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Next to expressing liking, respect and family ties, Easter eggs were also used to demonstrate dislike and ridicule. Raw eggs were secretly given to or placed in the baskets of the egg gatherers who were disliked or for picking a quarrel. When young men gathered to crack and eat eggs together, discovering a raw egg was quite a shame. Another popular trick was taking a wooden egg to overcome contestants at egg cracking. A masterfully coloured egg was almost identical with the normal egg. Crushing Easter eggs was a part of the interaction between boys and girls. At schools and in towns boys used to crush girls’ eggs for teasing. As a result, the girl could not fulfil her role in important social interaction on the holiday. While cracking eggs was a very popular and widespread custom, egg rolling was mostly known in South-East Estonia, which the whole village gathered to look on. As the time coincided with the beginning of the swinging period, people used to swing, sing, and eat home-baked pastry and chat. In the Russian Orthodox Setu County in Southeast Estonia, eggs were rolled downhill or along a special wooden channel. The person whose egg touched someone else’s egg won his egg. Eggs were rolled as long as they could be won, after which all the eggs were gathered and the next person could take his turn. The won eggs were eaten at once, though the winner was also allowed to take them along. The custom of egg rolling and gathering was primarily limited to men. In the recent decades, however, this custom has also become more liberal, and women may roll eggs. The transformation of the tradition and the mitigation of gender roles had many reasons, among these contacts with Lutheran neighbours as such gender polarisation was not common in Lutheranism, general secularisation, and also changes in the social position of women in the community over the past half a century, etc. Southeast Estonians who had settled in other Estonian regions tried to preserve the special features of their tradition. The Setu who settled in towns modified the egg-rolling custom by carrying it out in one’s home yard, house or apartment. The custom was carried on mostly in families with children and mainly for the sake of children, and mothers played the vital role as painters, hiders and initiators of egg-rolling contest. Over the centuries, there have been many outdoor activities and celebrations during Eastertide. In southern Estonia Eastertide also marked the 311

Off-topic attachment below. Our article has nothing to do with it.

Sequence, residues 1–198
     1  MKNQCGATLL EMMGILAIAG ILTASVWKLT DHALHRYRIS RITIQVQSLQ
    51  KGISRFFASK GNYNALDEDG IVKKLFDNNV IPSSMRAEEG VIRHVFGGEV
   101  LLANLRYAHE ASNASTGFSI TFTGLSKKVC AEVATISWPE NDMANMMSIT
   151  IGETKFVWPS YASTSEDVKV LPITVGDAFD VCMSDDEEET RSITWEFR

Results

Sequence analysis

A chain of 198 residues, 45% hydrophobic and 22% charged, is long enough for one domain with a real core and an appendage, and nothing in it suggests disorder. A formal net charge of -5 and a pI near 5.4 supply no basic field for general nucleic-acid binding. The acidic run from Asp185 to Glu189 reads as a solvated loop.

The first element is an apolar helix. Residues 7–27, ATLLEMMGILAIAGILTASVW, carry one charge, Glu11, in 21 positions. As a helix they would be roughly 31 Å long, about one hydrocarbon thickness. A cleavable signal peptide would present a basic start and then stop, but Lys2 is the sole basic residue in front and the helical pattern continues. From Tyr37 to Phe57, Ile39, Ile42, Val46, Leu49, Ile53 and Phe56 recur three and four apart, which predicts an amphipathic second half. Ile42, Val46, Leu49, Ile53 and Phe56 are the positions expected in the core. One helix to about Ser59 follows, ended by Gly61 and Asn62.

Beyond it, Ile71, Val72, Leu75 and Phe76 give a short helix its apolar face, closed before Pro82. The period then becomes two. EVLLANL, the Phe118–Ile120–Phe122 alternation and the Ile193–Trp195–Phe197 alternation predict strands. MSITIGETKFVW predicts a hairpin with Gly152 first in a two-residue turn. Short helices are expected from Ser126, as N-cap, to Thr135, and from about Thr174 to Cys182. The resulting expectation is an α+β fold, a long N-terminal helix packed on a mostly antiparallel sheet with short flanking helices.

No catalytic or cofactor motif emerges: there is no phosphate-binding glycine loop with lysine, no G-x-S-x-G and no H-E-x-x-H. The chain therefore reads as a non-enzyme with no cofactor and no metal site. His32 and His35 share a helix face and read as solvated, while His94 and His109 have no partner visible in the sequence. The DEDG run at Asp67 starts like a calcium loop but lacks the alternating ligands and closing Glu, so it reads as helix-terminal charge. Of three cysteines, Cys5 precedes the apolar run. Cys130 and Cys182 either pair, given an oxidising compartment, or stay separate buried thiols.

Photo 7. Easter swinging in Sout-East Estonia (Setu Country, Lepa village), 1975. Photo by Vello Kutsar, courtesy of Estonian National Museum, 1754:3.

beginning of swinging. Formerly, swinging was attributed a magical significance and therefore it had definite beginning and end (Vissel 2003: 35). Easter swinging (which served a magical purpose) was known among all Balto-Finnic peoples, but also among the Balts and the Russians (Talve 1961: 33–36). Since the beginning of the swinging period fell on an important holiday, it symbolised the creation of health, vitality and happiness for people and cattle. Setting up the village swing was the responsibility of young men. In the 19th century, this work was rewarded with mittens and belts, and most certainly with eggs. Swinging was a highly important form of entertainment for youths, and was accompanied by singing, games, contests of strength and dancing. Another Easter custom practised in northern and central Estonia was board jumping, which was skilfully mastered by youngsters and children. A person was standing on either end of a board supported on a stone, tree-stump or log. If either of them jumped up, the person standing on the other end fell against the ground. The jump had to be performed masterfully to land on one’s end of the board. The game of board jumping has been practised until now, though presently it is mostly practised in summer instead of swinging, rather than as a part of Easter tradition. This custom was also believed to secure health and happiness. 312